Experts told Healthline they were optimistic about the study but pointed out there are differences between mice and humans.

“There is limited information about whether matcha can affect depression in humans and the optimal dose and duration of use of matcha to prevent or treat depression has not been established,” said Dr. Kelly Johnson-Arbor, a medical toxicology physician and medical director at National Capital Poison Center.

“For now, it’s unclear whether matcha is effective in altering moods in humans.” Johnson-Arbor told Healthline. “While most healthy individuals may be able to incorporate matcha tea into their daily routine as part of a healthy, balanced diet, it’s important to remember that matcha has not been conclusively proven as effective in affecting the development of depression in humans.”

“People should always check with their doctor prior to using matcha, or any other natural remedy, to manage symptoms of depression,” she added.

Victoria Chan, a licensed naturopathic doctor specializing in integrative mental health and medically trained in pharmaceuticals, told Healthline that matcha contains high concentrations of L-theanine, an amino acid that calms the brain and nervous system. This also reduces the jittery effects of the tea’s natural caffeine.

“The scientific community is constantly learning more about why depression develops,” Chan said. “Unlike popular misconceptions, depression is not solely caused by unbalanced neurotransmitters or ‘chemical imbalances.’ Depression can be caused by dysfunctions in digestion, hormones, immune responses, thyroid, detoxification, allergic responses, nutrition, liver, genetics, stress responses, amongst many other factors.”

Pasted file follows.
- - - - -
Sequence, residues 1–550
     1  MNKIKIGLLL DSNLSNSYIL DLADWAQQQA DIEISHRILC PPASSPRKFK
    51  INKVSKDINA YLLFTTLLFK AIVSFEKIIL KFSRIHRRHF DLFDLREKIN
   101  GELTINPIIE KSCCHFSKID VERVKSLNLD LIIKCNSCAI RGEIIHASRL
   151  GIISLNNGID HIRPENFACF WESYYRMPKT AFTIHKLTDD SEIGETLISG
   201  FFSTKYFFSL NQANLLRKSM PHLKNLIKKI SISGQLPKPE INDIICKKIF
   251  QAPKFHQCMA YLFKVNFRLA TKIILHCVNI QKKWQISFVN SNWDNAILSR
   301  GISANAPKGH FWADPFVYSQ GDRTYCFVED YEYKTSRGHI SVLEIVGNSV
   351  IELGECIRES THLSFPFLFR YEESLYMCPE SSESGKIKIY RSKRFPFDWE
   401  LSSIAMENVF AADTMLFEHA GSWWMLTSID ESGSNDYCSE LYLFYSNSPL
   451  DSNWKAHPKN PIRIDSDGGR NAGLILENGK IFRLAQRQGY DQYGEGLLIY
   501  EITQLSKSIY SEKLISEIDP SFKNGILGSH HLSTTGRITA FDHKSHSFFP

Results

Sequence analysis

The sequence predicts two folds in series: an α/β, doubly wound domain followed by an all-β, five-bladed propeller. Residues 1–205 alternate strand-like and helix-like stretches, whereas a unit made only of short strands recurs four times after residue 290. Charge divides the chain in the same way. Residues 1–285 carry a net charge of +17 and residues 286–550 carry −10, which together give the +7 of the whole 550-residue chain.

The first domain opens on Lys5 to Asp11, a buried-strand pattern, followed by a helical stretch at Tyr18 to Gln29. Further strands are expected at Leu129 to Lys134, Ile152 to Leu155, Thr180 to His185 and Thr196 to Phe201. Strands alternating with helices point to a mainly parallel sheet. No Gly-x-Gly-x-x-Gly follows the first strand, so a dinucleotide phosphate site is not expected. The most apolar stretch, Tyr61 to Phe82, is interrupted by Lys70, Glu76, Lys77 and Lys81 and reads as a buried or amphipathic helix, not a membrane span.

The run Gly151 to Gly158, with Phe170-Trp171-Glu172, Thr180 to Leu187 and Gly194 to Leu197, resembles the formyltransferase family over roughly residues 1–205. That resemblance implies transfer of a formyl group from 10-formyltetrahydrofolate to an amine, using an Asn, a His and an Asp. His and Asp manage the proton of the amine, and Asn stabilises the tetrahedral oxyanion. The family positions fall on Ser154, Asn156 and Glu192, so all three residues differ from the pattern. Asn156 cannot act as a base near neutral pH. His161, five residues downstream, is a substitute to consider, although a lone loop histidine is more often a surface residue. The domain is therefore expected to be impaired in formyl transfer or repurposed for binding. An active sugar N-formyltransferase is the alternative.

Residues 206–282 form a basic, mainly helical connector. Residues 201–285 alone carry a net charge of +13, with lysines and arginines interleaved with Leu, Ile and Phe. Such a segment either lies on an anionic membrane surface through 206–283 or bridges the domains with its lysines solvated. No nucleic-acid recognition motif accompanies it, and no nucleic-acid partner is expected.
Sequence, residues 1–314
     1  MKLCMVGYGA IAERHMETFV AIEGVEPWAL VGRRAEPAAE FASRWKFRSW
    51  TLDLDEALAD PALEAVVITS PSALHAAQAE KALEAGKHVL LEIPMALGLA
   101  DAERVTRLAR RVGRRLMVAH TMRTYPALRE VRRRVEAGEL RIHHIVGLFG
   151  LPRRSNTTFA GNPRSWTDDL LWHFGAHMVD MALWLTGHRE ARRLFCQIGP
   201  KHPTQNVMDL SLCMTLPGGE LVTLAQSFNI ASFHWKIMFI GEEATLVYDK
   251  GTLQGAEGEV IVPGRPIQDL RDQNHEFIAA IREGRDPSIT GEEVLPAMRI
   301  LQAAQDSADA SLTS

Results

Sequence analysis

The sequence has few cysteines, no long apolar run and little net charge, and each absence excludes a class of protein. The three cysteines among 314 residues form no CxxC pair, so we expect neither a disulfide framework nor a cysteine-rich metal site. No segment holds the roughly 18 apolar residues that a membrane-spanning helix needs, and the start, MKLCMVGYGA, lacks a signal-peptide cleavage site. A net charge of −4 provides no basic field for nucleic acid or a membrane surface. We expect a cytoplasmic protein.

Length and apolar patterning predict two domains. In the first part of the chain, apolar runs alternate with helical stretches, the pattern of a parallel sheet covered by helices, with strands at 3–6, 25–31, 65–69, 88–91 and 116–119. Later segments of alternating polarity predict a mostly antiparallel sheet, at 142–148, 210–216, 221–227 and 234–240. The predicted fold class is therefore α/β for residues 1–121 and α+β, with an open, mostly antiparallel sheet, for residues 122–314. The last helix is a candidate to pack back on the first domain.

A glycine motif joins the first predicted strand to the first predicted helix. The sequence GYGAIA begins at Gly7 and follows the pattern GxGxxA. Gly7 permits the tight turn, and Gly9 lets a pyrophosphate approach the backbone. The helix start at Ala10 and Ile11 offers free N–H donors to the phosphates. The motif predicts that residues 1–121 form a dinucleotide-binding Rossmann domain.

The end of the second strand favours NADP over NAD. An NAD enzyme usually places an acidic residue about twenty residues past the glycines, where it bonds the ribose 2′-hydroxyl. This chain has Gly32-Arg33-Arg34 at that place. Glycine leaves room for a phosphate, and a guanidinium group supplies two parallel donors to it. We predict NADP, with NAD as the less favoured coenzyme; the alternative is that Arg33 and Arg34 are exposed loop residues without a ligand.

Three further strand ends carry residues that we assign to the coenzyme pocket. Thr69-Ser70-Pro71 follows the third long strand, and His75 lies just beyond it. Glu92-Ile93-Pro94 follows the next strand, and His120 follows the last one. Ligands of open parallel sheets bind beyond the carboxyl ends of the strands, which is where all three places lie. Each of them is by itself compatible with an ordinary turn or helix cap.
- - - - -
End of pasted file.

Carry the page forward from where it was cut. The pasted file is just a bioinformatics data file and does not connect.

Chan said matcha lessens depression in ways beyond affecting neurotransmitters.

“If your antidepressant medication is not relieving your depression, you may have a root cause that isn’t fully dictated by neurotransmitters – which antidepressant pharmaceuticals mostly affect,” Chan said. “If this is the case, you could benefit from treating your depression through other biological pathways and using tools that help those different pathways like how matcha does.”

Dr. Zeeshan Afzal, a dermatologist and medical officer for AI healthcare platform Welzo, told Healthline that matcha’s L-theanine and caffeine can combine to improve brain function.

However, Afzal also cautioned not to get too enthusiastic yet.

“While the study done on mice may provide some insights into the potential antidepressant,” Afzal said. “It’s important to note that the results may not necessarily translate to humans. Mice and humans have different physiologies and there are often significant differences in how drugs and treatments affect the two species.”

Afzal said more affective human studies are necessary.

“If future studies confirm the antidepressant effects of matcha, it could potentially become a natural alternative or complementary treatment for depression,” he said. “However, it is important to note that there is still much research to be done in this area, and people with depression should always seek the guidance of a qualified healthcare professional for diagnosis and treatment.”